Transparent Talent Management

Assessment practices and review processes aren’t necessarily a piece of cake. What can make them easier is transparency. A recent article from Ron Lawrence, VP of organizational development for VF Corp. and contributing Talent writer, ponders the question of ‘to tell or not to tell’. Do you tell employees that they are top-talent or high-performers? What do employees come to expect when they are told such information? As a talent manager, it’s important for you to address these issues when creating and implementing your organization’s talent and development practices.

Retention is a big deal today. Talent has become flighty, always thinking about where to jump on-board next for a better opportunity. For your organization to keep your top-talent employees is crucial for both parties. Talented employees want to know that there is room for them to excel within the organization. They want to go up, and they want to be reinforced by management. Some say that focus on talented employees can create a strong attachment for the individual to the organization.

By informing employees they are seen as top-talent, the company is likely to create higher retention, enhanced productivity and increased commitment scores.

What about the valuable employees who aren’t informed of their importance? They may come to believe they don’t have a strong future with the company and look for opportunity elsewhere. This is where talent managers play a vital role – appropriate communication with each employee. Research shows that employees informed of their importance are more committed and engaged in their company’s success.

Transparency is also a plus when dealing with the talent pool because high-potential employees with more training and development practice use that knowledge in their management styles. Their skills are thus more highly tuned and they are more capable of finding and developing other high-potentials around them.

On the other hand, some organizations think it’s too risky to tell employees if they’re considered top-talent for two reasons: a) if they don’t know there’s a talent pool, no one knows the difference; b) this way productivity and retention won’t be affected. However, neither of these reasons are valid reasons to not tell employees their worth.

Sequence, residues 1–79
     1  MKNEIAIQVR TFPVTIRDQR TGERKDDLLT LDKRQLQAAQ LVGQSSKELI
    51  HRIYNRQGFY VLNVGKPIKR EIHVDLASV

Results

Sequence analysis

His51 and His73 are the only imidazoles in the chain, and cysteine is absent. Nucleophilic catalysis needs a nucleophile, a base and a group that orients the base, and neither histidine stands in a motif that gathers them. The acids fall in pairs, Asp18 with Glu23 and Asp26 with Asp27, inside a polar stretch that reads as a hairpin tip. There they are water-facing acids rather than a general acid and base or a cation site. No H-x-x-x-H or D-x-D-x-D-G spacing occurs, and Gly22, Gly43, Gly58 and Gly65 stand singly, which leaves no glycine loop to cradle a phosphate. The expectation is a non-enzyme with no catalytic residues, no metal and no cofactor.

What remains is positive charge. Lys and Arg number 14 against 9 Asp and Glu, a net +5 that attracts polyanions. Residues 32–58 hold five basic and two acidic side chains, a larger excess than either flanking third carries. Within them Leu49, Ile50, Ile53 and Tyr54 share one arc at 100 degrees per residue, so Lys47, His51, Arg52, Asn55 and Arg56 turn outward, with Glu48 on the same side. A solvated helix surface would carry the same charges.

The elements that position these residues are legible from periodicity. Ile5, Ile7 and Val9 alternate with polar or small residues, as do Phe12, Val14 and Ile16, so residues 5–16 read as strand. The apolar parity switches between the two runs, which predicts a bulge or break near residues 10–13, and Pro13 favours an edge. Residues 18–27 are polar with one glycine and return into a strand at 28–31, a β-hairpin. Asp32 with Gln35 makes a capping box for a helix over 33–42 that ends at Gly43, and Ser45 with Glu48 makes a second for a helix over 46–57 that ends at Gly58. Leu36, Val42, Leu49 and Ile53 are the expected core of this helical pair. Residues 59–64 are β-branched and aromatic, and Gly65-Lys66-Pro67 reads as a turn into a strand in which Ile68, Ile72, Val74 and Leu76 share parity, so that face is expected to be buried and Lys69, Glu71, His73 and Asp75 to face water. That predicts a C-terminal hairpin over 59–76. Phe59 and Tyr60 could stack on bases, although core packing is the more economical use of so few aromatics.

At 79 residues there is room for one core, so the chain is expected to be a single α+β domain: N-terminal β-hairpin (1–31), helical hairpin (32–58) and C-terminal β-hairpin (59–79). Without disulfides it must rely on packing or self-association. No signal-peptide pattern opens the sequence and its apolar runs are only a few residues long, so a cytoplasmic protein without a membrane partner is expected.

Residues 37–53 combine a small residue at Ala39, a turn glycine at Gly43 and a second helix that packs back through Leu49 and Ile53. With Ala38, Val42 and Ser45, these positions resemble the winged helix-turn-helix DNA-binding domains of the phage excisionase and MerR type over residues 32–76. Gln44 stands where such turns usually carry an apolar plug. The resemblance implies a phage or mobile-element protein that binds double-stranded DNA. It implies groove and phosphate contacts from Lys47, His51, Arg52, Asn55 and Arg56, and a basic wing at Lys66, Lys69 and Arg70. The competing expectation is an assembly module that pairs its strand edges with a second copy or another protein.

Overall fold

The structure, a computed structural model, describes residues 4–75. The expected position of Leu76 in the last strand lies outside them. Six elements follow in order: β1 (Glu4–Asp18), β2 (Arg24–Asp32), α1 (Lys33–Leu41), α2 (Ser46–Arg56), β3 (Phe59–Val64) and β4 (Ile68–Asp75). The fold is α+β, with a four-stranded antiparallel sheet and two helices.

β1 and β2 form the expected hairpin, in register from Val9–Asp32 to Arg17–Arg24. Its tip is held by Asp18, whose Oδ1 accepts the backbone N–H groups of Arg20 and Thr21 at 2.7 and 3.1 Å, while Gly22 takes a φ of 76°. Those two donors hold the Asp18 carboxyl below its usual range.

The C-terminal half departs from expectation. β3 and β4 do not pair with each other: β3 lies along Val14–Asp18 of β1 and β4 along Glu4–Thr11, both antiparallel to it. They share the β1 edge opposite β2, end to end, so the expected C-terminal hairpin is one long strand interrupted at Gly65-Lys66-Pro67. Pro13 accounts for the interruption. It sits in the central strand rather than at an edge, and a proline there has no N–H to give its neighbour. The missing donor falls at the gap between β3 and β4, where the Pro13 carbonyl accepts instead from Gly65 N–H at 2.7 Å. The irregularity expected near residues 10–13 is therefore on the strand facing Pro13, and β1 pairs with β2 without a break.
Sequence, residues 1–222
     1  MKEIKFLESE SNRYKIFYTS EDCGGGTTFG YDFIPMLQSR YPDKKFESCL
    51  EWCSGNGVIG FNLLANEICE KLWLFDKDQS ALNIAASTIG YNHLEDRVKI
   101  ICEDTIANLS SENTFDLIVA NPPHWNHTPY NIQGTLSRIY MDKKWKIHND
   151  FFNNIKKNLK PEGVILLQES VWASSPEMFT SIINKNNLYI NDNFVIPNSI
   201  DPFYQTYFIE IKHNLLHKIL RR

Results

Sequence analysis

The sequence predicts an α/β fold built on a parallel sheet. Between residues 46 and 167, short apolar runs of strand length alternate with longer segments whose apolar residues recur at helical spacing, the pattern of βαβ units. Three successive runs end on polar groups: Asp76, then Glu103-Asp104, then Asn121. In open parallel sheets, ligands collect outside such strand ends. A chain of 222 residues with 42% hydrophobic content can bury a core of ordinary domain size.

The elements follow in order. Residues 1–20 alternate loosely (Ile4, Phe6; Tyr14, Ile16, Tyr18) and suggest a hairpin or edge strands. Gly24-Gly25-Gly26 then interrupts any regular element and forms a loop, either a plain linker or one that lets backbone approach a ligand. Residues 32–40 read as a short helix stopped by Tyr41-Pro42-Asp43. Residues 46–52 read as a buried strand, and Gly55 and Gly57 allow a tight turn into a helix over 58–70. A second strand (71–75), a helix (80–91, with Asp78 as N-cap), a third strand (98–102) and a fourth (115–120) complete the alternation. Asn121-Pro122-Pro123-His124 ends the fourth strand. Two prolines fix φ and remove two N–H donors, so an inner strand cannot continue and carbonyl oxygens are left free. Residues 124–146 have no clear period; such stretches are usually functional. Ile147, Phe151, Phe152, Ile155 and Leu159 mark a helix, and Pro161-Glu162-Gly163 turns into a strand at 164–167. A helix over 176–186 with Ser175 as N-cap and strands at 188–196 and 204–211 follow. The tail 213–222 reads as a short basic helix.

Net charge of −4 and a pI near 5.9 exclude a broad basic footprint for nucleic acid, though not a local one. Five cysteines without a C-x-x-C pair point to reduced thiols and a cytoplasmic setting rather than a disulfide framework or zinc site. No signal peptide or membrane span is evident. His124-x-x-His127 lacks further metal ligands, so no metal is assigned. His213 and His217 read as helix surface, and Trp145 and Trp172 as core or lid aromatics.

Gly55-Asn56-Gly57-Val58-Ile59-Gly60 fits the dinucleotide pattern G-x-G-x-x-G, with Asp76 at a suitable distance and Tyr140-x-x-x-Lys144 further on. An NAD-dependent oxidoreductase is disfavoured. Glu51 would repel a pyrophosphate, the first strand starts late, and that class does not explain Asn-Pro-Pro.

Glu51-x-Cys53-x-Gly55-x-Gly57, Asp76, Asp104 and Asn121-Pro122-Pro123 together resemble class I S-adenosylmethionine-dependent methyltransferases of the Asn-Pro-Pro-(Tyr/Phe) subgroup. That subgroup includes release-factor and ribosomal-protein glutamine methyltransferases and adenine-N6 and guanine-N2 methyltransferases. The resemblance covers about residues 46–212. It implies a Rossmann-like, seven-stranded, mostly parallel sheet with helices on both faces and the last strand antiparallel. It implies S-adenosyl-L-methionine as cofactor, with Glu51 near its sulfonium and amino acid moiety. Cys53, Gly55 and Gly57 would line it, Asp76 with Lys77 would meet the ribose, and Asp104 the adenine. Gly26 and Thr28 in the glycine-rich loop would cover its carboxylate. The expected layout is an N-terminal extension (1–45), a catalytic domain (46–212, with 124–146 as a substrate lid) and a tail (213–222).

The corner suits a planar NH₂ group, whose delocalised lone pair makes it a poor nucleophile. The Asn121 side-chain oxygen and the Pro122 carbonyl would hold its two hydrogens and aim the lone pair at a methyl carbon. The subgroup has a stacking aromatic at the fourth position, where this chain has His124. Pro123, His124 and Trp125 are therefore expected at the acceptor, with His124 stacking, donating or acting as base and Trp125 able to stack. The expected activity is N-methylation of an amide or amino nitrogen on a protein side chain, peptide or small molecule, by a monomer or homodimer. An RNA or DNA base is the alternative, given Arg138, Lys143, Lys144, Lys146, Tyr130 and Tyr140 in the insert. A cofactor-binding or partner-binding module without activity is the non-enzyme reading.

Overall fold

Ethically speaking, should you intentionally withhold information from an employee if you are asked directly? Always answer honestly, and having written talking points may be helpful in a difficult situation. When asked directly, here is some advice about how to manage a challenging dialogue:

This is accomplished by talking privately with these employees and clearly explaining what the performance expectations are for top performers. Then, provide opportunities for employees to improve their performance by mutually creating goals and addressing areas of deficiency. Finally, managers should provide an encouraging and motivational message during this conversation.

Another important step is defining your talent pool. What kind of individual is needed to fulfill your criteria? When you’ve specified these characteristics, you will also need to create a control process for who assesses potential talent.

There are many facets to using transparency to assess top-talent employees and potential employees. There are many ways to identify and classify top-performing individuals, and there are many steps that can be taken from the management side to be sure that these individuals are placed and appreciated correctly.

While this type of initiative means making difficult decisions about identifying, supporting and retaining high-potential employees, it is a corporate imperative.

To read more about what your organization can do to take a transparent approach to talent management, click here to read the full article.

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